Toilet Seat Could Save Your Ass

Our morning routine could be appended to something like “breakfast, stretching, sit on a medical examiner, shower, then commute.” If we are speaking seriously, we don’t always get to our morning stretches, but a quick medical exam could be on the morning agenda. We would wager that a portion of our readers are poised for that exam as they read this article. The examiner could come in the form of a toilet seat. This IoT throne is the next device you didn’t know you needed because it can take measurements to detect signs of heart failure every time you take a load off.

Tracking heart failure is not just one test, it is a buttload of tests. Continuous monitoring is difficult although tools exist for each test. It is unreasonable to expect all the at-risk people to sit at a blood pressure machine, inside a ballistocardiograph, with an oximeter on their fingers three times per day. Getting people to browse Hackaday on their phones after lunch is less of a struggle. When the robots overthrow us, this will definitely be held against us.

We are not sure if this particular hardware will be open-source, probably not, but there is a lesson here about putting sensors where people will use them. Despite the low rank on the glamorous scale, from a UX point of view, it is ingenious. How can we flush out our own projects to make them usable? After all, if you build a badass morning alarm, but it tries to kill you, it will need some work and if you make a gorgeous clock with the numbers all messed up…okay, we dig that particular one for different reasons.

Via IEEE Spectrum.

Hanging, Sliding Raspi Camera Adds Dimension To Octoprint

Are you using Octoprint yet? It’s so much more than just a way to control your printer over the internet, or to keep tabs on it over webcam when you’re off at work or fetching a beer. The 3D printing community has rallied around Octoprint, creating all sorts of handy plug-ins like Octolapse, which lets you watch the print blossom from the bed via time-lapse video.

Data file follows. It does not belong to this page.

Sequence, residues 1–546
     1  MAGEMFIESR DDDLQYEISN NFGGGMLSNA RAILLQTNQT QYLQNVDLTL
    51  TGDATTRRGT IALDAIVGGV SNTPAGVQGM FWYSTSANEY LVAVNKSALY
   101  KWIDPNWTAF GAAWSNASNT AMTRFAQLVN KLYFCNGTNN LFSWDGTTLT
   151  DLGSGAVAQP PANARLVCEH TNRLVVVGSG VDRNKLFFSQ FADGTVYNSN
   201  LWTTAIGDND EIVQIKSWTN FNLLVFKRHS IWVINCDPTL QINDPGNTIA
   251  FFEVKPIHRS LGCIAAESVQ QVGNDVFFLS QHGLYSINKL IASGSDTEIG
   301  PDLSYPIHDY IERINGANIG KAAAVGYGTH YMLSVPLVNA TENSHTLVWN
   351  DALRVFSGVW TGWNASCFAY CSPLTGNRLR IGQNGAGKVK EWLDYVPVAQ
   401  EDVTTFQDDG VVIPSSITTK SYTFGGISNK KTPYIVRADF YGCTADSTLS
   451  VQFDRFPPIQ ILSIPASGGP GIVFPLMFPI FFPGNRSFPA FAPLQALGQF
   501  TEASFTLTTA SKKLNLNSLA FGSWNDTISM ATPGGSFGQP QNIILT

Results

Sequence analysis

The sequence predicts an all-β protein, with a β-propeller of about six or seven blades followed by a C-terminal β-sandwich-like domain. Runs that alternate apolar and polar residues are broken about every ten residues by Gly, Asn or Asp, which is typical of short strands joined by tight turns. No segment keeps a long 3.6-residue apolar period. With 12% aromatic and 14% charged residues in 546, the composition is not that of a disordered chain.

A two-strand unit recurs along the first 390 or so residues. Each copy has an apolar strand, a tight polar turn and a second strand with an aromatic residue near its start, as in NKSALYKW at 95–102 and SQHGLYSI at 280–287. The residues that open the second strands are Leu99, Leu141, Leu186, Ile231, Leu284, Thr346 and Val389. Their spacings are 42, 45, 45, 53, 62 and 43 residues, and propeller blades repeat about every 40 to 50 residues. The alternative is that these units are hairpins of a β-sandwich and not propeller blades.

Hackaday alum [Jeremy S Cook] wanted to devise a 3D-printable mount for a Raspi camera after finding himself inspired by [Tom Nardi]’s excellent coverage of Octoprint and Octolapse. He recently bought a wire shelving unit to store his printer and printer accessories, and set to work. We love the design he came up with, which uses the flexibility of the coolant hose to provide an endlessly configurable camera arm. But wait, there’s more! Since [Jeremy] mounted it to the rack with zip ties, the whole rig shimmies back and forth, providing a bonus axis for even more camera views. Slide past the break to see [Jeremy]’s build/demo video.

It’s great to be able to monitor a print from anywhere with internet access, but the camera is almost always set up for a tight shot on the print bed. How would you ever know if you’re about to run out of filament? For that, you need a fila-meter.

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Create a Discord Webhook with Python for Your Bot

Discord is an IRC-like chat platform that all the young cool kids are hanging out on. Originally intended as a way to communicate during online games, Discord has grown to the point that there are servers out there for nearly any topic imaginable. One of the reasons for this phenomenal growth is how easy it is to create and moderate your own Discord server: just hit the “+” icon on the website or in the mobile application, and away you go.

As a long-time IRC guy, I was initially unimpressed with Discord. It seemed like the same kind of stuff we’ve had for decades, but with an admittedly slick UI. After having used it for a few months now and joining servers dedicated to everything from gaming to rocket science, I can’t say that my initial impression of Discord is inaccurate: it’s definitely just a modern IRC. But I’ve also come to the realization that I’m OK with that.

But this isn’t a review of Discord or an invitation to join the server I’ve setup for my Battlefield platoon. In this article we’re going to look at how easy it is to create a simple “bot” that you can plug into a Discord server and do useful work with. Since anyone can create a persistent Discord server for free, it’s an interesting platform to use for IoT monitoring and logging by simply sending messages into the server.

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